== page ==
IndyCar seeks increase in rights fees YES rolls out production truck, studio redesign ESPN sees a winner in Special Olympics Media focus on VR/AR, wearables Questions arise on NASCAR’s schedule Colleges migrating to Facebook Live Digital media’s recent rush of deals Sports Media: Instagram bull’s-eye Mixed results for NWHL in year two TeeOff.com waives booking fees
SBJ/August 22-28, 2011/Franchises
Settlement puts Nets games on YES Net through 2031-32
Published August 22, 2011, Page 3
The new deal gives YES the Nets’ TV rights through the 2031-32 season – a 10-year extension that was the main reason why the Nets originally took the dispute to arbitration, sources said. In order to secure such a long-term extension, YES agreed to a healthy rights-fee increase, around $20 million a year initially, with moderate annual increases, sources said. It’s not known how much YES had been paying the Nets in the previous contract.
YES and the Nets had been in the middle of a 20-year deal that originally was supposed to end with the 2021-22 season. That deal, which was signed when YES launched in 2002, contained a standard provision that allowed each side to reopen it and reset the rights after this past 2010-11 season.
“We reached an amicable agreement with the Nets outside of the arbitration process, and we look forward to a long, productive relationship with them,” said YES Network spokesman Eric Handler.
YES Network refused to comment further. The Nets also declined to comment.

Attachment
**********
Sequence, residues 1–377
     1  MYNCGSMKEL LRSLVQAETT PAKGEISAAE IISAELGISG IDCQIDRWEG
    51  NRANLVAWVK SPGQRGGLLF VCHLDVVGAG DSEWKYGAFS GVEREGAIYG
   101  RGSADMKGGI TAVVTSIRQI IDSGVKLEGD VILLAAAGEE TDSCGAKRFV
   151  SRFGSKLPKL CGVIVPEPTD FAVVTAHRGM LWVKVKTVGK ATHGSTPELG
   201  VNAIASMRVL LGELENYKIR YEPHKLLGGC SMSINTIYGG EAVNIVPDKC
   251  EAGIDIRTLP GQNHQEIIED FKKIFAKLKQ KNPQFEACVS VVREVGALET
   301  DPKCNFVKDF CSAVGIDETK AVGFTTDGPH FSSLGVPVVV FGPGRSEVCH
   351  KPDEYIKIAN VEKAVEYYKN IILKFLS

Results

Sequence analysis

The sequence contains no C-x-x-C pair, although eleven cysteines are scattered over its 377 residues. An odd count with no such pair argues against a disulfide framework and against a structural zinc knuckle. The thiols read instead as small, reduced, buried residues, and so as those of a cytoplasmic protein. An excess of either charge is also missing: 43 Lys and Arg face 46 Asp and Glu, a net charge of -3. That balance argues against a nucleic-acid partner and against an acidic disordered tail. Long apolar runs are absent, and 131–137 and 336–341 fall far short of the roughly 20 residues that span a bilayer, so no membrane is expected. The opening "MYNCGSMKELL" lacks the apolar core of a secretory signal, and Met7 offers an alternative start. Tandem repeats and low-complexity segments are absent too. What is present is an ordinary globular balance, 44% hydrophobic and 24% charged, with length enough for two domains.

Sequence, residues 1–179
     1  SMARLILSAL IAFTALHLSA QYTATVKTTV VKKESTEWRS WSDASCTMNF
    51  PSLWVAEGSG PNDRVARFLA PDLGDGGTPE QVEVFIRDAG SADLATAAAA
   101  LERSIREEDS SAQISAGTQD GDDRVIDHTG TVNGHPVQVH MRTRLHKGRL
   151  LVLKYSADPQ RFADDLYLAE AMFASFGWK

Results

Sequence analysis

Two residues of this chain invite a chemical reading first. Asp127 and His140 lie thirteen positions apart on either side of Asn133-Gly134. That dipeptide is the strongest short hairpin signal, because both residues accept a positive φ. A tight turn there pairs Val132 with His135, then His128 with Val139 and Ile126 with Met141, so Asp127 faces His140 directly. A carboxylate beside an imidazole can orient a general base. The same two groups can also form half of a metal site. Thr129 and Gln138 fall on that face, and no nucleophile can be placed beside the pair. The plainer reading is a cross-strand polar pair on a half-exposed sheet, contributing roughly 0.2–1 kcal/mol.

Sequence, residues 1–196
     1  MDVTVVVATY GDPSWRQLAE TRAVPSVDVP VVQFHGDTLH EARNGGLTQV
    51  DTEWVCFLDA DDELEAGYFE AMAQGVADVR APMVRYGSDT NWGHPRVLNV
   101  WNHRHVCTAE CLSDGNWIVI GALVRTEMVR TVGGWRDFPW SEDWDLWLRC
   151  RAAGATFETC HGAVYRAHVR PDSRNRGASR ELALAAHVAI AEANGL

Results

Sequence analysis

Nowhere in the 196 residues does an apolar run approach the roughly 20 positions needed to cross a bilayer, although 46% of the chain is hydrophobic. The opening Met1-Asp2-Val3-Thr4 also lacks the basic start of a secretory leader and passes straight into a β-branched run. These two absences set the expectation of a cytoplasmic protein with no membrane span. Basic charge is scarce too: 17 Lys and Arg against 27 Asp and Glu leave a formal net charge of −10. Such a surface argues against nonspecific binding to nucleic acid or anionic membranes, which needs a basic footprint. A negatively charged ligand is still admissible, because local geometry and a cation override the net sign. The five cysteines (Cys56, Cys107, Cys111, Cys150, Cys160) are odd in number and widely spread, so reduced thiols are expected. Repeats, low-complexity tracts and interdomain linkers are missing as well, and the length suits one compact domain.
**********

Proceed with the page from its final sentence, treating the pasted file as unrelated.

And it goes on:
While cable rights fee disputes are common between RSNs and cable operators, it’s rare that they ever go to arbitration. In fact, it is believed that no fee dispute between an RSN and a cable operator has ever been resolved by an arbitrator. The Portland Trail Blazers are in arbitration with Comcast SportsNet Northwest, but that proceeding is about the RSN’s distribution and does not involve its rights fee, sources said.
YES and the Nets had been negotiating a new deal earlier this year. They appeared to reach an agreement in February, but the Nets wound up walking away from the deal, resisting the 10-year extension, sources said. The team opted to seek an arbitrator to set the price; contract terms did not allow the Nets to shop its rights to other networks.
Sources said the new deal does not differ much from the one that was on the table in February. YES would not have offered such big increases without the long-term extension.
The long-term nature of the deal follows the Boston Celtics’ expected 20-year deal with Comcast SportsNet New England and the Los Angles Lakers’ recent 25-year deal with Time Warner Cable. The reason for the recent spate of these kind of long-term deals is a desire on both sides to provide cost certainty in the media rights marketplace.
YES President and CEO Tracy Dolgin and Nets Sports and Entertainment CEO Brett Yormark led the negotiations for each side.
The timing of the reset did not come at an opportune time for the Nets, which last season posted the NBA’s lowest local rating by far with a 0.29 rating. The second worst rating belonged to the Los Angeles Clippers with a 0.99 rating that still was three times higher than the Nets.
Over the past three years, Nets ratings on YES have been lower than every MLB, NBA and NHL team, except the Florida Panthers.
But the Nets, under new owner Mikhail Prokhorov, are looking to revive their business with a move from their temporary home at the Prudential Center in Newark to the Barclays Center set to open next year in Brooklyn.